Mike Smith, the former disability commissioner of the Equality and Human Rights Commission and now chief executive of the east London disabled people’s organisation Real, said the government’s pandemic strategy appeared to be to “protect the majority rather than those most at risk … (and that disabled people) are not a priority for the government”.

Mike’s comments came after the Disability News Service (DNS) published a list to highlight how the government has repeatedly failed to protect disabled people during the pandemic; to help push the government into launching an urgent inquiry to learn lessons from its handling of the crisis; and to try to persuade it to take a new approach before an expected second wave of the virus this winter.

The list of 17 breaches include restricting disabled people’s rights in its emergency Coronavirus Act and failing to ensure disabled people on direct payments had access to personal protective equipment. The research by DNS shows repeated breaches of the Equality Act, the European Convention on Human Rights (ECHR) and the UN Convention on the Rights of Persons with Disabilities (UNCRPD).

Some of the 17 breaches have cost many lives, particularly the delays in testing social care staff for coronavirus and the decision to discharge hospital patients into care homes without testing them for COVID-19.

Although about half of the failings were eventually addressed – usually in response to campaigning by disabled people, often working alongside lawyers – others were not.

There are also concerns that even those breaches of rights that were addressed could re-emerge if the country’s public services are threatened this winter.

To read the full report by DNS which includes the list of 17 breaches please click here

Description of cartoon for those using screen reading software

Boris Johnson, with Demonic Cummings standing close behind him is standing in the dock. A high court judge wearing the death penalty black cap and holding a hangman’s noose is pointing to a list of crimes. The list is headed up ‘guilty’ and lists – Emergency Coronavirus Act restricts rights to care and education and rights of people with mental distress, delays in testing care workers resulting in disabled people becoming infected, vital public health info not provided in accessible formats, and 14 other crimes. Boris is looking worried and is saying: “How do we get out of this one Dom?” Cummings is replying: “Erm …”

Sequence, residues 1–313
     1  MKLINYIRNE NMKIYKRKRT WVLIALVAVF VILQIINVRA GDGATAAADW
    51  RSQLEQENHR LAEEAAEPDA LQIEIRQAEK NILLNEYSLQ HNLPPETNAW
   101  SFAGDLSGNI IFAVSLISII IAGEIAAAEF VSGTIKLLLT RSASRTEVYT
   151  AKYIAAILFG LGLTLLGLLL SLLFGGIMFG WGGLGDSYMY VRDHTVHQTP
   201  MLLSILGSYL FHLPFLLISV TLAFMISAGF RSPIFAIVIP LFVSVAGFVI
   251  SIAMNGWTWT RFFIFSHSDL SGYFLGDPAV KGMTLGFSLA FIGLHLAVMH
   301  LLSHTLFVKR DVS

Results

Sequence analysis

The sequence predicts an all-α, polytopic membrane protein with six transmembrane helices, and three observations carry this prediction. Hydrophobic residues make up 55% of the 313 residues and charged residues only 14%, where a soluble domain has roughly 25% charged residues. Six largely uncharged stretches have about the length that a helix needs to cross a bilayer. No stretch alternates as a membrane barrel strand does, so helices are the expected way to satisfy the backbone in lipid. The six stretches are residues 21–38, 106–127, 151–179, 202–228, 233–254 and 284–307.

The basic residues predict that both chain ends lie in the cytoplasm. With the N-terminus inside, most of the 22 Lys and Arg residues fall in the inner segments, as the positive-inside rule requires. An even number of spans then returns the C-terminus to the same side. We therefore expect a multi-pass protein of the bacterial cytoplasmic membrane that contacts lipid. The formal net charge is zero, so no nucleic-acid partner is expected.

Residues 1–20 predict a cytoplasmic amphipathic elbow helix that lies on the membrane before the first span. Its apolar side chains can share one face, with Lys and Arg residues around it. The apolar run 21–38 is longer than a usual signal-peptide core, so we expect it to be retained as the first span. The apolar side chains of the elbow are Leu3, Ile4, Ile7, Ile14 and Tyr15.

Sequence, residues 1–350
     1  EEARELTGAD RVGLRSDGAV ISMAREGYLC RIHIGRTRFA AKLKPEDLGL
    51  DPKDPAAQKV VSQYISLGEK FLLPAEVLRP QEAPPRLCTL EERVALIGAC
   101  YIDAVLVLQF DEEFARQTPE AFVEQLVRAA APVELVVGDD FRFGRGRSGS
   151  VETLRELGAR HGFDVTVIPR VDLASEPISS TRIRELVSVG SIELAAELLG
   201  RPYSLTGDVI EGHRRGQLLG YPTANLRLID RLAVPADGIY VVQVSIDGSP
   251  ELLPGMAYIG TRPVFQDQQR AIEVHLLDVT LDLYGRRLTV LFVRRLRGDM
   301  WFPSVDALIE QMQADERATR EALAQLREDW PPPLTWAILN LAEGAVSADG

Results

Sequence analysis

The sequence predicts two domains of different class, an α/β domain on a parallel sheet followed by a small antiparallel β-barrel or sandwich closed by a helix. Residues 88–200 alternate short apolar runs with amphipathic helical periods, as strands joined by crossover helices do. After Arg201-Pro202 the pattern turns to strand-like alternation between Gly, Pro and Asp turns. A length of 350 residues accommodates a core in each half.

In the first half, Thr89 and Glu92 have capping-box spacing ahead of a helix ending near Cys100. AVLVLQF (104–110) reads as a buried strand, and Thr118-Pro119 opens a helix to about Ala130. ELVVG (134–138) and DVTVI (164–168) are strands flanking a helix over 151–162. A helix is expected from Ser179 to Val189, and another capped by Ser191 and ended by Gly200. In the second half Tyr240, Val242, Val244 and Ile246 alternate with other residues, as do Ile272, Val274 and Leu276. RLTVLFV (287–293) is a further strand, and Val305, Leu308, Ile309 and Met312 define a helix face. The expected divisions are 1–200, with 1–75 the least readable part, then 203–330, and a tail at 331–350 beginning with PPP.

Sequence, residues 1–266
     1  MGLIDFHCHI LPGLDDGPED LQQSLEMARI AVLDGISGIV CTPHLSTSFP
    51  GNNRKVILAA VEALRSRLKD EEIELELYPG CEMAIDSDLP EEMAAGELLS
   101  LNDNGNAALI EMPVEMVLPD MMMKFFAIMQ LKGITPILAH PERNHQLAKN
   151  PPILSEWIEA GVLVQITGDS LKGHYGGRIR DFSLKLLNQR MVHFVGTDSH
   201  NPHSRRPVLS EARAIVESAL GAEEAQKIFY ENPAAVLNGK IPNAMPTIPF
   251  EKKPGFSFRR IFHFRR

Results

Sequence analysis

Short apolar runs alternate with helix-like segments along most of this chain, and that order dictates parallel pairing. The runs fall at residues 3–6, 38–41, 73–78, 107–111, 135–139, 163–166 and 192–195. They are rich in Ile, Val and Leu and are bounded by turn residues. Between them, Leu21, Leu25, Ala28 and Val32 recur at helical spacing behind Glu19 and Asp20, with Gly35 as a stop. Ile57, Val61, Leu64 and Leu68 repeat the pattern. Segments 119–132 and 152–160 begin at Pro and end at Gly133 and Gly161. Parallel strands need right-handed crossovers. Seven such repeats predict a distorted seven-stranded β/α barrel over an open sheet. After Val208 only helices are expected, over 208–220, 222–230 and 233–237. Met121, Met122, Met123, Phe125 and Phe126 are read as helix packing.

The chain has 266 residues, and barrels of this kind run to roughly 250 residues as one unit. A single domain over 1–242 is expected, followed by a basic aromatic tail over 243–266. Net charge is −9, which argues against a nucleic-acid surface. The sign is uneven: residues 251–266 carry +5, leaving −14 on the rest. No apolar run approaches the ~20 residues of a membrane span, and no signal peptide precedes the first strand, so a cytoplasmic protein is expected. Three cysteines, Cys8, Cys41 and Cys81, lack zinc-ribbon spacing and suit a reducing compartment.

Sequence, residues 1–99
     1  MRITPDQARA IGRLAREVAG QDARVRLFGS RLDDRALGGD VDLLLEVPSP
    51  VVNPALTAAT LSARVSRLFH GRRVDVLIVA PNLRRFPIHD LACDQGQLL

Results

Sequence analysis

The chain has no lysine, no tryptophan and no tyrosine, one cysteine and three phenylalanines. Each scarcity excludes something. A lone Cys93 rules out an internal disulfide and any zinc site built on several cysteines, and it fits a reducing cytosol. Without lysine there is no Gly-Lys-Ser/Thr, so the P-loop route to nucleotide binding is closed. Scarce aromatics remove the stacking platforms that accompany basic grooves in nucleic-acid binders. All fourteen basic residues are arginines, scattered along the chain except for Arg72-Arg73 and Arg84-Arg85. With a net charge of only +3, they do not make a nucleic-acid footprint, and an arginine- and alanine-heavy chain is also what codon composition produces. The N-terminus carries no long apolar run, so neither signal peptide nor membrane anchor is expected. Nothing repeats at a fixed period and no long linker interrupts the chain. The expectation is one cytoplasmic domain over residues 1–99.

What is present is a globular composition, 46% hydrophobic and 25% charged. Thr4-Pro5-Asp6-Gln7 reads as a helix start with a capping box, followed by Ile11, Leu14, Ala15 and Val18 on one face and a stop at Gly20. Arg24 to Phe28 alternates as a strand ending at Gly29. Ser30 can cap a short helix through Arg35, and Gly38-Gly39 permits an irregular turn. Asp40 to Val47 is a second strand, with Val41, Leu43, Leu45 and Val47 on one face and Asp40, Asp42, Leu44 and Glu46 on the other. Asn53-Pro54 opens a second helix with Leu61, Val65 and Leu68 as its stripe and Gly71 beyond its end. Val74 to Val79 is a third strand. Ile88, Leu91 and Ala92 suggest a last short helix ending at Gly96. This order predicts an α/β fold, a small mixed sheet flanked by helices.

Crippen reports that two thirds of those that have died during pandemic are disabled people

It’s official!

Disabled people have made up two-thirds of coronavirus deaths in the UK, according to the latest figures by the Office for National Statistics (ONS) and they say that we’re also 11 times more likely to die of the virus than non-disabled people.

Despite all of the procrastination and refusal to release figures regarding the deaths of disabled people during this pandemic, the government have had to agree that the figures released by the ONS are accurate and reflect badly upon their lacklustre attempts to protect ‘the vulnerable’ as they’ve taken to calling us!

This has all been compounded, I’m sure, by the stripping back of social care and the virtual annihilation of services for disabled children. Also, According to figures released by the Guardian, hundreds of thousands of disabled people were left out of emergency benefit increases, while food parcels were withheld from people missed off the government’s list for having the “wrong” disability.

All too predictably, the price of Johnson’s early failure to contain the spread of the virus has been paid by those that could least afford it. The mass deaths of disabled people in this country should not be acceptable nor forgotten.

Description of cartoon for those using screen reading software